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Arnold School of Public Health


Arnold School researchers find higher fitness levels can delay elevated levels of cholesterol for men by 15 years

May 19, 2015 | Erin Bluvas, bluvase@sc.edu 

Researchers* from the Arnold School of Public Health have determined that higher levels of cardiorespiratory fitness may delay increases in blood cholesterol levels by up to 15 years for men. These increases, which commonly occur with aging, tend to rise until middle age before declining after age 60, when cardiovascular disease may already be established for many individuals.

“Age-related changes in cholesterol levels are usually unfavorable,” says Xuemei Sui, assistant professor of exercise science and a co-author on the study. “Our study sought to determine how cardiorespiratory fitness might modify the aging trajectory for lipid and lipoproteins in healthy men.”

It is well known that higher levels of cholesterol are associated with chronic heart disease. These risk factors can be modified, however, with higher levels of physical activity. Yet there is limited evidence from previous studies that demonstrates the effects of cardiorespiratory fitness on lipids, such as cholesterol or fat, due to age in a longitudinal data set.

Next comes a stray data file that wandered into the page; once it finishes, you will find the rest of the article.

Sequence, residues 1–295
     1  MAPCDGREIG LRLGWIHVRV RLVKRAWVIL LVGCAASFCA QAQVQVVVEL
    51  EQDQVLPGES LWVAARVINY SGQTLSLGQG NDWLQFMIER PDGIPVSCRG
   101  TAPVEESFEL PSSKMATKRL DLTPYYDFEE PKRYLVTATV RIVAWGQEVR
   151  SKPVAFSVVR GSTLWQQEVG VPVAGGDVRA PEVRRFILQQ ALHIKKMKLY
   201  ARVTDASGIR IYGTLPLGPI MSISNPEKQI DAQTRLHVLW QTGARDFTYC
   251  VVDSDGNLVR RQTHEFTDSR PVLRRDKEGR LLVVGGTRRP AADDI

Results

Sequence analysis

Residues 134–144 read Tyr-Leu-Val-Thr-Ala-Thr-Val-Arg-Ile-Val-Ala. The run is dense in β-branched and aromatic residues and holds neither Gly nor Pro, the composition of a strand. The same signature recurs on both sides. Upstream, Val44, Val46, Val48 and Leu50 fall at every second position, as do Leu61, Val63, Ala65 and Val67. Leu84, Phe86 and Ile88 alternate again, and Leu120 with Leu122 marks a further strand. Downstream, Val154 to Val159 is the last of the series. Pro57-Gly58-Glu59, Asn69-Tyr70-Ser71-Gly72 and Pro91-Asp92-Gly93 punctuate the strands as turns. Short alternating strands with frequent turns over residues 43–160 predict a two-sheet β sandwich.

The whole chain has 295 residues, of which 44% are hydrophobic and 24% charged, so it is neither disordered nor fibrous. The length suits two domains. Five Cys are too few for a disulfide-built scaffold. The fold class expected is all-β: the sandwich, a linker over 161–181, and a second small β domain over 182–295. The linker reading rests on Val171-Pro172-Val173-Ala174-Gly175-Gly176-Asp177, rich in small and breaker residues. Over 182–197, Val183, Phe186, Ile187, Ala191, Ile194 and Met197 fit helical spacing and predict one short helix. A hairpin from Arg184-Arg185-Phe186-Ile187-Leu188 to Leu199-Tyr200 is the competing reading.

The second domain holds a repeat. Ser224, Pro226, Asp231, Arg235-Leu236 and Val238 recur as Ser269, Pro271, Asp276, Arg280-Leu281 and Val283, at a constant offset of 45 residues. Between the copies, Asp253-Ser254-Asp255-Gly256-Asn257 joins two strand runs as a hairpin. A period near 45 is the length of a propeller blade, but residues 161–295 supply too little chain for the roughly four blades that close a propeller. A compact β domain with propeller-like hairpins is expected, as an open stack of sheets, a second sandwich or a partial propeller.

The current study, published in the Journal of the American College of Cardiology, used data from the Aerobics Center Longitudinal Study to examine cholesterol levels in more than 11,000 male participants, ages 20 to 90, between 1970 and 2006. They also looked at individuals’ cardiorespiratory fitness (i.e., the body’s ability to supply oxygen to the muscles during exercise and the body’s ability to use that oxygen), an indicator of regular physical activity, using a treadmill exercise test.

The authors found that men with lower cardiorespiratory fitness were more likely to develop high cholesterol in their early 30s whereas men with high fitness did not experience high cholesterol until their mid-40s. “These findings suggest that improving cardiorespiratory fitness levels may delay the onset of dyslipidemia, a condition characterized by an abnormal amount of lipids in the blood,” says Sui. “Promoting this healthy lifestyle factor may also help to reduce the risk of atherosclerosis and cardiovascular disease.”

Findings from this study have received extensive coverage by popular press media outlets (e.g., US News & World Report, MSN,Daily Mail).

*Additional Arnold School co-authors on the study include lead author Mark Park Yong-Moon (doctoral student, Department of Epidemiology and Biostatistics) and co-authors Junxiu Liu, (doctoral student, Department of Epidemiology and Biostastics), Peter F. Kokkinos (Washington DC, VA medical center), James W. Hardin (Department of Epidemiology and Biostatistics) andSteven N. Blair (Department of Exercise Science).